Sunday, 2 November 2008
2 Whiringa a Rangi (November) 2008
"Iti Rearea teitei kahikatea, Ka taea. "
Even the small rearea bird can ascend to the great heights of the Kahikatea tree.
All people can seek out the world of knowledge and education.
Voiced and explanation by Te Makarini Tēmara (Tuhoe)
In 2005, work began on a new apartment complex Bellagio Ataahua in one of the main streets of Wellington. What seemed like a straightforward construction became something more complex when a significant archeological discovery was unearthed. Whare ponga (storage huts) dating from the 1800s were found at what was once the site of Te Aro Pa. Construction was suspended while negotiations took place, and a plan of action was drawn up between the affected parties. Not an easy task when it involved the Wellington Tenths Trust, the Wellington City Council, Historic Places Trust, Te Ati Awa Iwi and the developer, Washington Development Ltd. Yet, at its unveiling as a tourist attraction on the 11 October 2008, the relationships were being celebrated as a successful collaboration. Dean Whiting (Te Whānau ā Apanui) of the Historic Places Trust describes their involvement to Maraea Rakuraku.
In an extended web version of this interview, Te Hope Hakaraia, Convenor of Rangiatea Church in Otaki, describes the gifting of Pou to stand at the site in recognition of the relationship between Te Ati Awa and Raukawa Iwi, while Te Waari Carkeek (Raukawa) and Te Miringa Hohaia (Parihaka) reveal links as found in their respective oral histories.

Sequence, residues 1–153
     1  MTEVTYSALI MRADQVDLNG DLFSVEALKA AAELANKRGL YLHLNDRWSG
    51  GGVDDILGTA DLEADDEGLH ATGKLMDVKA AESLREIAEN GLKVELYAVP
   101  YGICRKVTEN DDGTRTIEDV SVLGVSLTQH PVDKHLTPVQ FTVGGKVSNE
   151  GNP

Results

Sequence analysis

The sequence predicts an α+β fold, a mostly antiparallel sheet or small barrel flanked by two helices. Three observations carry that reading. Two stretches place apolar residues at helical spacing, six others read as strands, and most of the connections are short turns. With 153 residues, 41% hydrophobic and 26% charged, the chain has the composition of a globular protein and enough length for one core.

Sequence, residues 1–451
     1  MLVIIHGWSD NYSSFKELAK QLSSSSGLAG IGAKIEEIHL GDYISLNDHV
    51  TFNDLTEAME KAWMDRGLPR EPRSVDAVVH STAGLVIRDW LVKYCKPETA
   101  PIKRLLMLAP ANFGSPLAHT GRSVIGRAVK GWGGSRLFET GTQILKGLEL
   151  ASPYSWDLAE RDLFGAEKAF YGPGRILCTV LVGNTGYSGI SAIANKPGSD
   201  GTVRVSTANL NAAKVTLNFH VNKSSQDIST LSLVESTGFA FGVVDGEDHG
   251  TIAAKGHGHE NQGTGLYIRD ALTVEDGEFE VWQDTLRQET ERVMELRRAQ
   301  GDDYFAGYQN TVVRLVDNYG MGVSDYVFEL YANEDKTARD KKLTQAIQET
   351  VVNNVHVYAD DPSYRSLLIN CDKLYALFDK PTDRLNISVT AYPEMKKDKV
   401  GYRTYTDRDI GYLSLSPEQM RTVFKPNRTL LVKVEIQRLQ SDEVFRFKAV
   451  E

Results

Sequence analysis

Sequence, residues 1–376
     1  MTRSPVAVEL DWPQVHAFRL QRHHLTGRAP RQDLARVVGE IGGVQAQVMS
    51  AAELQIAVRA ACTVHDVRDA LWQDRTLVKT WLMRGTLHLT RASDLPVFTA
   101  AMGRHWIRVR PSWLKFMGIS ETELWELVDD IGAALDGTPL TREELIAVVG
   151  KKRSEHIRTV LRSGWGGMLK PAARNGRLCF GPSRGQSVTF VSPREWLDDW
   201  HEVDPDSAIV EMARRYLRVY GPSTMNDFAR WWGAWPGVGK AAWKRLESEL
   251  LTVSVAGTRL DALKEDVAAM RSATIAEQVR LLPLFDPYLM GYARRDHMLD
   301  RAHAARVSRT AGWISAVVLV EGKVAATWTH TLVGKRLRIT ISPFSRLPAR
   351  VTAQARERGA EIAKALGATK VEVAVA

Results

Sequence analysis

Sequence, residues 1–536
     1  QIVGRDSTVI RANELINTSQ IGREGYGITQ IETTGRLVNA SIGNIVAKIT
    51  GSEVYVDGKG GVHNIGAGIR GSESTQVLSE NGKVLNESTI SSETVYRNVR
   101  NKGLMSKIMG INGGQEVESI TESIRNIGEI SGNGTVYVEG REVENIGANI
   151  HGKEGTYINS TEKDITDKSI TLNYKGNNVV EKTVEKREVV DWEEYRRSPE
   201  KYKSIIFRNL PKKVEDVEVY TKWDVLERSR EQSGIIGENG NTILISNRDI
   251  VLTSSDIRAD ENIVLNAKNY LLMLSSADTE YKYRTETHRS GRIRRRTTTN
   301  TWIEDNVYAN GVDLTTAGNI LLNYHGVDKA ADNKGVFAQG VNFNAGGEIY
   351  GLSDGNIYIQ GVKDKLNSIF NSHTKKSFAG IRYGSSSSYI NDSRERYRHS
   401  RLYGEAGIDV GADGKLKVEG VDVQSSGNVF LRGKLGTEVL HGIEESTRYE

Described by her mum as a magpie, Aimee Rose Stephenson's (Ngāti Marau) childhood fascination with turning junk into art seems to be paying off, as she was named one of the recipients of the 2008 Te Karahipi a Te Waka Toi (Creative NZ Scholarships). In the second year of her honours degree at Massey University studying Māori Visual Design, Stephenson is in the process of completing works for an upcoming exhibition that, somewhat controversially, uses human hair and in doing so, challenges tikanga Māori.
Tawhiri Henare (Ngati Kahungunu) is a shining example of an athlete adhering to disciplines of commitment, perseverance and dedication in his pursuit of sporting excellence. While his upbringing in Palmerston North was troubled, sport has provided him with the freedom to successfully cross over sporting codes. Coming from a strong rugby league background, Henare was sidelined following a ligament injury. Not one to sit on the couch, and with encouragement from his peers, he took up bodybuilding. That was in 1996. Like Daisy Duke, from the Television programme, The Dukes of Hazzard, Henare describes his legs as his trademark, hoping one day to secure sponsorship for them. Justine Murray is at the 2008 National Preliminary Body Building Championships.
Left: Tawhiri Henare and Ra Paku.
Right: Tawhiri Henare strikes his muscle poses at the National Amateur Bodybuilding event.
Kupu Hou (New Words)
Tinana - Body
Pohara - Poor
Muscle - Maihara
Creative - auaha
Creative Writing - Tuhinga Auaha
Support - Tautoko